"I am pleased to welcome Chairman Greenspan before the Committee on Banking, Housing, and Urban Affairs this morning to testify on the Federal Reserve's Semi-Annual Monetary Policy Report to Congress.
"Yesterday, a statement signed by over 450 economists, including 10 Nobel Prize winners, was released. At the outset of today's hearing I think it would be worthwhile to read parts of that statement because it helps to frame the economic issues that will be under discussion this morning:
'Economic growth, although positive, has not been sufficient to generate jobs and prevent unemployment from rising. In fact, there are now more than two million fewer private sector jobs than at the start of the current recession. Overcapacity, corporate scandals, and uncertainty have and will continue to weigh down the economy.
'The tax cut plan proposed by President Bush is not the answer to these problems. Regardless of how one views the specifics of the Bush plan, there is wide agreement that its purpose is a permanent change in the tax structure and not the creation of jobs and growth in the near-term. The permanent dividend tax cut, in particular, is not credible as a short-term stimulus. As tax reform, the dividend tax cut is misdirected in that it targets individuals rather than corporations, is overly complex, and could be, but is not, part of a revenue-neutral tax reform effort.
'Passing these tax cuts will worsen the long-term budget outlook, adding to the nation's projected chronic deficits.'
"When President Bush came into office in January 2001, the federal government had a projected ten-year surplus of $5.6 trillion. In fact, Chairman Greenspan, you testified before the Senate in favor of the tax cut proposed by the President at that time on the ground that the government was paying off its debt too fast. You argued that a tax cut was needed to "smooth the glide path", I believe that was the phrase you used, so that the government debt would not be paid off too quickly and put the government in the position of acquiring private assets.
"That is not the problem we confront today. If the President's program were enacted into law, the budget projection for the same ten-year period would be a $2.1 trillion deficit. That is a $7.7 trillion reversal. That does not include the costs of a possible war with Iraq. It also does not include tax changes such as the reform of the alternative minimum tax and the extension of tax provisions currently scheduled to sunset which have traditionally been extended. That projection may well be overly optimistic.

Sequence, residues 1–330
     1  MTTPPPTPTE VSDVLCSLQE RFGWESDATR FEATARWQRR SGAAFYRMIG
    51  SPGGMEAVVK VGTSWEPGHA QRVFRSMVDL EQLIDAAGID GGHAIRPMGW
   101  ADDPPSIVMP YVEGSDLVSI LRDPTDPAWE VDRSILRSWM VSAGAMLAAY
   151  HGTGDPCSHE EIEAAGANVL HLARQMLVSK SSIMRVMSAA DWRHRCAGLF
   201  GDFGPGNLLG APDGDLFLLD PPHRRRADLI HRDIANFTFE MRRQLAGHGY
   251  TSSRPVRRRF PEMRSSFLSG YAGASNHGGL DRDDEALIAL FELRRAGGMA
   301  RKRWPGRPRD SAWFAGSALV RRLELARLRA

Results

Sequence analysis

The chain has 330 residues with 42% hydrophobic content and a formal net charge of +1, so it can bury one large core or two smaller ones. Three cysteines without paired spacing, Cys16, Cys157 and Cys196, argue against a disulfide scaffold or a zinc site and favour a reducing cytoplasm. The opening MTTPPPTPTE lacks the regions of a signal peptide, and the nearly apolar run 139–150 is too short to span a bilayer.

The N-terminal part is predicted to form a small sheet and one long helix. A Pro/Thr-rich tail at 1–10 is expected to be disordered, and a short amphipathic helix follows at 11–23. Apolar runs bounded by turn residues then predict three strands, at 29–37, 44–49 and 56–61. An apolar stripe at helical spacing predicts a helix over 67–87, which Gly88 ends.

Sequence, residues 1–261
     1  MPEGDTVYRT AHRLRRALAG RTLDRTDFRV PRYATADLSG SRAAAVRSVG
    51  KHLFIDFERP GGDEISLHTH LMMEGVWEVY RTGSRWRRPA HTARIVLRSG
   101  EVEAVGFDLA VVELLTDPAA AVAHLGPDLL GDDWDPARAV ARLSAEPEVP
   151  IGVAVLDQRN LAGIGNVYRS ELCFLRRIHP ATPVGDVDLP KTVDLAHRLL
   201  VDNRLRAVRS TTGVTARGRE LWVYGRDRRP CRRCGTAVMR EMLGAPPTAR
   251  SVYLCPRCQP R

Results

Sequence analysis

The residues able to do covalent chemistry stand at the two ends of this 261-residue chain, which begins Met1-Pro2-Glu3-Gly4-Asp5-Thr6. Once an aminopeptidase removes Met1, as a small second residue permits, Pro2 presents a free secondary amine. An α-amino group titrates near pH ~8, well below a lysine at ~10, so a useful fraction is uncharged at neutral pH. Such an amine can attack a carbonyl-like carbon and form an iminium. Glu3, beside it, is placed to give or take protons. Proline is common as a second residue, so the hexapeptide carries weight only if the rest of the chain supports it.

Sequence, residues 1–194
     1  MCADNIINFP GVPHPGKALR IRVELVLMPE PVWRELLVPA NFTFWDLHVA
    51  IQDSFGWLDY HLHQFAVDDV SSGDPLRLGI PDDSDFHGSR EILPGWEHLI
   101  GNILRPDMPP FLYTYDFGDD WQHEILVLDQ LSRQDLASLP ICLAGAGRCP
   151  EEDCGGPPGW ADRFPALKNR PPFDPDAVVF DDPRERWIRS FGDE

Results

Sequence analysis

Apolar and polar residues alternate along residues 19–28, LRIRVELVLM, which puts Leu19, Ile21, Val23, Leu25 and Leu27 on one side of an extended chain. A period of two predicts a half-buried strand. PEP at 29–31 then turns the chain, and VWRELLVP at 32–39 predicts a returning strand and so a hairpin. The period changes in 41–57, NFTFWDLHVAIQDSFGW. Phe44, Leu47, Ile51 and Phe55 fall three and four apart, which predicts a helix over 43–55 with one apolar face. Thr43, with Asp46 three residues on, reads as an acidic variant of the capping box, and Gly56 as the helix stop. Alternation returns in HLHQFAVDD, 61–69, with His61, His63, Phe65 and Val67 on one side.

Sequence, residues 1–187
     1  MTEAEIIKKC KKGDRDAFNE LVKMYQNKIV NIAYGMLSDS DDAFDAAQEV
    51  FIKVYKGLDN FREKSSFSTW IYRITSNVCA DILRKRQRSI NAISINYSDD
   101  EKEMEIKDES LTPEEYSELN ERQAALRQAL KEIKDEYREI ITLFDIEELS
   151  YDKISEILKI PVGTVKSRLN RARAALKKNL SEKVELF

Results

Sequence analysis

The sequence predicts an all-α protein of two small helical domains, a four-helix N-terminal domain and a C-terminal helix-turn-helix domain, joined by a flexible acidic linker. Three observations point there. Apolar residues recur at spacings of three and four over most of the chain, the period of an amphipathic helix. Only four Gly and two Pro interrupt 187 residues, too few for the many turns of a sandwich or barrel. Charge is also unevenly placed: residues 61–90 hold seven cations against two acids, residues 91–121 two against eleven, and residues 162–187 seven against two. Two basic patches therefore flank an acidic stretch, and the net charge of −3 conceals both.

"By any measure, we are in the process of transforming the fiscal position of the United States from one of fiscal surplus to one of large fiscal deficits. Given the scale of the deficits that would be created by the President's plan, fundamental questions are raised about the impact of deficits on interest rates, investment, growth, and jobs in our economy.
"The Administration is downplaying the impact of budget deficits, arguing the deficits that will result from their program are not that large relative to the economy, and that their size will be reduced by the economic activity that will result from the enactment of its proposed tax cuts. Some of the people who now support these tax cuts, and discount the significance of the budget deficits they would produce, previously supported an amendment to the Constitution requiring a balanced budget.
"Particularly in the face of the uncertain demands on public resources imposed by the war on terrorism, homeland defense, difficulties with North Korea, and a possible war with Iraq, I believe the President's proposals are reckless and irresponsible.
"Giving away our economic strength with the kind of irresponsible tax cuts proposed by the President would not only deny us the public resources we will need to meet future challenges. It would put upward pressure on long-term interest rates that would reduce economic growth and impose greater hardship on middle and working class Americans.
"I look forward to reviewing these issues with Chairman Greenspan this morning."